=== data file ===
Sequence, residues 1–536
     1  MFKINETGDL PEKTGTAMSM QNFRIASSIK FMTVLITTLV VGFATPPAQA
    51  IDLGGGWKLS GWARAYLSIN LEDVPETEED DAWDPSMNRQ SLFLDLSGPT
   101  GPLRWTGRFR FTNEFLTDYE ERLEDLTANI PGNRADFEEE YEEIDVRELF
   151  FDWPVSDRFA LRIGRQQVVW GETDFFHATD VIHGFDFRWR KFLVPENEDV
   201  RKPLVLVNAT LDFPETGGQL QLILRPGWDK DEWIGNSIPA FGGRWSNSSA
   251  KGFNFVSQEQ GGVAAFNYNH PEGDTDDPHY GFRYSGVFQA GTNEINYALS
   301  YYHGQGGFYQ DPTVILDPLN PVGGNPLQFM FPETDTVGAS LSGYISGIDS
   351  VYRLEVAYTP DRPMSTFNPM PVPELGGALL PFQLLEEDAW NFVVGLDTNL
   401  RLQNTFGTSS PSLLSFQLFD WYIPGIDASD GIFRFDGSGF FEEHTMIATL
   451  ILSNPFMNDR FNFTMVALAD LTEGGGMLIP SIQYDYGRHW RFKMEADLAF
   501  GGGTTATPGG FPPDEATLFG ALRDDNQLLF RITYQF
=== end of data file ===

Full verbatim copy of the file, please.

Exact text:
Sequence, residues 1–536
     1  MFKINETGDL PEKTGTAMSM QNFRIASSIK FMTVLITTLV VGFATPPAQA
    51  IDLGGGWKLS GWARAYLSIN LEDVPETEED DAWDPSMNRQ SLFLDLSGPT
   101  GPLRWTGRFR FTNEFLTDYE ERLEDLTANI PGNRADFEEE YEEIDVRELF
   151  FDWPVSDRFA LRIGRQQVVW GETDFFHATD VIHGFDFRWR KFLVPENEDV
   201  RKPLVLVNAT LDFPETGGQL QLILRPGWDK DEWIGNSIPA FGGRWSNSSA
   251  KGFNFVSQEQ GGVAAFNYNH PEGDTDDPHY GFRYSGVFQA GTNEINYALS
   301  YYHGQGGFYQ DPTVILDPLN PVGGNPLQFM FPETDTVGAS LSGYISGIDS
   351  VYRLEVAYTP DRPMSTFNPM PVPELGGALL PFQLLEEDAW NFVVGLDTNL
   401  RLQNTFGTSS PSLLSFQLFD WYIPGIDASD GIFRFDGSGF FEEHTMIATL
   451  ILSNPFMNDR FNFTMVALAD LTEGGGMLIP SIQYDYGRHW RFKMEADLAF
   501  GGGTTATPGG FPPDEATLFG ALRDDNQLLF RITYQF